Our Summer 2017 Issue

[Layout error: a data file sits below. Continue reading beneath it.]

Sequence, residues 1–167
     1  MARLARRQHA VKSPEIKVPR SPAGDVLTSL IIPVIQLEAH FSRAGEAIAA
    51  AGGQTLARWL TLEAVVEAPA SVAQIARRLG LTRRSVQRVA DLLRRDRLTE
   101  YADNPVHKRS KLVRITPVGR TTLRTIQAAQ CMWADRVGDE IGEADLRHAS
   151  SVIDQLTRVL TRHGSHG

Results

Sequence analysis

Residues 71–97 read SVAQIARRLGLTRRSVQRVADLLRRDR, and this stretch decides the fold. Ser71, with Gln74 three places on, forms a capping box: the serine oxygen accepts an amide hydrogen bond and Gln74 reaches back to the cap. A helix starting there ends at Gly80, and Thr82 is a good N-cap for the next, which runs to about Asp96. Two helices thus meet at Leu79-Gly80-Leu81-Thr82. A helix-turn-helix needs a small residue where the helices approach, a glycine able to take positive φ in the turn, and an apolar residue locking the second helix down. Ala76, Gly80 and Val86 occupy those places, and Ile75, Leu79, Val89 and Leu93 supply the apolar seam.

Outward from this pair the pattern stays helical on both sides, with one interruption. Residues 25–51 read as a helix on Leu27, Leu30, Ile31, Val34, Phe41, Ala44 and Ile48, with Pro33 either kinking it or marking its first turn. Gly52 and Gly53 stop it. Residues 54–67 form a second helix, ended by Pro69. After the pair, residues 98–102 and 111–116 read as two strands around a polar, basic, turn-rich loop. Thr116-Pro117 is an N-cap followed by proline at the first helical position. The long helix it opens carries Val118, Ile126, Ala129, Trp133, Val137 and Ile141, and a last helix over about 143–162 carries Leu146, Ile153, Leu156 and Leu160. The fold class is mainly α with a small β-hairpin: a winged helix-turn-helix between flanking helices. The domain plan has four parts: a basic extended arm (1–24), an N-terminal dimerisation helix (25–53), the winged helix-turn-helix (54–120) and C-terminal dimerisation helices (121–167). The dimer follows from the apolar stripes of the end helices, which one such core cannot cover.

The first time I was served skate, it was love at first bite. It was the late 90s and I was spending a week working out of my company’s Paris office. A colleague, taking pity on my solitary restaurant meals, invited me to her apartment one night after work for an impromptu supper. It was a simple yet elegant menu: boiled new potatoes rolled in melted butter and sprinkled with salt and fresh parsley, a crisp green salad with a homemade vinaigrette, a wedge of perfectly ripe Camembert and a crunchy baguette. The main course, which she prepared while we sipped a glass of wine, was a funky looking fish I had never seen before that she called raie. Her preparation was pretty similar to the recipe for Pan Sautéed Skate Wing that Mac’s Seafood shares with us on page 23 and it came together in less than ten minutes. The fish was tender, moist and flavorful. I was hooked. Back in the States, I had a hard time finding raie, so I assumed it was not native to New England. It turns out that raie, or skate, is indeed a local species, but heretofore has been in such low demand that the majority of the fish landed is shipped out of the country. As the stocks of those perennial favorites, cod and haddock, have diminished, skate (and dogfish) have replaced them in the nets of our local fishing fleet, and as Lisa Cavanaugh writes in A Local Catch, Cape fishermen are hoping to convert more of us to fans of these unfamiliar species. If you don’t see them in your fishmonger’s display case, ask him or her to order you some. Both Cape Fish & Lobster in Hyannis and Osterville Fish were able to accommodate our request for skate for our recipe testing/photo shoot with a few days notice. Or, treat yourself to a meal out at one of the participating Pier to Plate restaurants working with the Cape Cod Commercial Fishermen’s Alliance to raise awareness of these overly abundant, underutilized fish species. Your purchasing decisions could have an impact on the future of fishing on the Cape. Oh, and my second meal of skate? It was as sublime and memorable as the first. Now I’m an official champion of the species. Do yourself a favor and seek out this delicious, local fish. We bet you’ll be hooked, too.